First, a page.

What are the burial options in Hong Kong?

What are the burial options in Hong Kong?

by Hiak Jin Hean | February 20, 2019

In the unfortunate event that one of our loved ones passes away, there are many steps that we will have to take in order to “send-off” our loved ones on to their next stage of existence. After planning the funeral, as discussed in the previous part of this series (click here to read more), the next step is to understand what burial options are available to us in Hong Kong.

Choosing a method of burial can be quite a daunting task. Most families in Hong Kong discuss the topic of death (for the fear of bad luck) and in turn, the wishes of the deceased are seldom known. With many different options and factors affecting a burial decision, such as religion, assumptions of what the deceased would have wanted, many families might have a difficult time with making the final decision. In this article, we will list the more prominent and conventional methods of burial and weigh out their pros and cons.


Traditional Burial

Widow in depression after husband death is supported by friend

Land based burial


Starting with traditional burials, most people will never get the chance to have such an option, starting with the fact that all the cemeteries in Hong Kong are currently full. While vacancies do open up from time to time, it does not keep up with the increasing demand for burial plots. Scarcity aside, the cost of obtaining a plot of land is constantly on the rise, starting from tens of thousands of dollars. (Click here to read more) The demand for traditional burials are mainly being fuelled by the culture of Chinese people, where by it is believed that the body of the deceased should be buried close to his / her native place of residence, to allow for future generations to visit the grave and pay their respects regularly. Many people, mostly the younger generations, seem to misunderstand the reason people opt for traditional burials and confuse it for filial piety. Unfortunately, due to the rising prices and scarcity, burials are not an option for a good majority of the public which was reflected in 2013 where by more than 90% of the deceased in Hong Kong were cremated.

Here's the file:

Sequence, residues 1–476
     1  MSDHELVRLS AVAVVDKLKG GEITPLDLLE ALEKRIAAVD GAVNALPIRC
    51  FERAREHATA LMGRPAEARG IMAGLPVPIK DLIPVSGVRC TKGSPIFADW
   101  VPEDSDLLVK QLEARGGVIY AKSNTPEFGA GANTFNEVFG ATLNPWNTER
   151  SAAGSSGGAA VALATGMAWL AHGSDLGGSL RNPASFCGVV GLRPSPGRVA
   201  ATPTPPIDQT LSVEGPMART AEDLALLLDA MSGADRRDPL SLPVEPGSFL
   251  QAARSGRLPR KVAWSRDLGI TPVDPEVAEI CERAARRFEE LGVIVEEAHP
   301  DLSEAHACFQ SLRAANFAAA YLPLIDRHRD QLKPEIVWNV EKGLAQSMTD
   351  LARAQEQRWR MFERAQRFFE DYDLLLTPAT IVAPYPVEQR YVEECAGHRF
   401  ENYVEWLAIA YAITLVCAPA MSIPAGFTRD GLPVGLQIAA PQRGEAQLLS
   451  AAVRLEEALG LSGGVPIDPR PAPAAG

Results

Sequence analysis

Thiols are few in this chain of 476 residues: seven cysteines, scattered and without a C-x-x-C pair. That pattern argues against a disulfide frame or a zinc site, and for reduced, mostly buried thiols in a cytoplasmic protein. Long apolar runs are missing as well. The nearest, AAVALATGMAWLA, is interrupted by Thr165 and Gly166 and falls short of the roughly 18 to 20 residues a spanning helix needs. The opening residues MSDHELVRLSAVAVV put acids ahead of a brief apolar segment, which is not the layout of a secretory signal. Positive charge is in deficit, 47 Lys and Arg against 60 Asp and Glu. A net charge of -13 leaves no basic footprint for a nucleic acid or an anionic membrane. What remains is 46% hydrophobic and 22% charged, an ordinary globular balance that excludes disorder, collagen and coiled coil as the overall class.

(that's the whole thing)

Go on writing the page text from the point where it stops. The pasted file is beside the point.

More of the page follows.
As with the majority, opting to cremate your is not a bad option given the land scarcity and cost of burial. After the cremation, there are two main options that people in Hong Kong tend to choose between. Both these options come with their own ups and downs.


Wall Niche


Temporary Wall Niche


One can never escape the problem of scarcity and high costs when it comes to Hong Kong, from properties to burial plots and similarly wall niches. Although relatively cheaper when compared to a traditional burial, storing the ashes of a love one you lost in a columbaria is not the cheapest option. When it comes to scarcity, a niche is arguably more scarce than a burial plot given that more than 90% of the deceased are cremated in Hong Kong. A niche in a government-run columbaria comes with the price tag of HK$2,800 -HK$23,000, depending on the size and location, and at least a five year wait. A niche in the private market however, can set you back up to HK$300,000. (Click here to read more)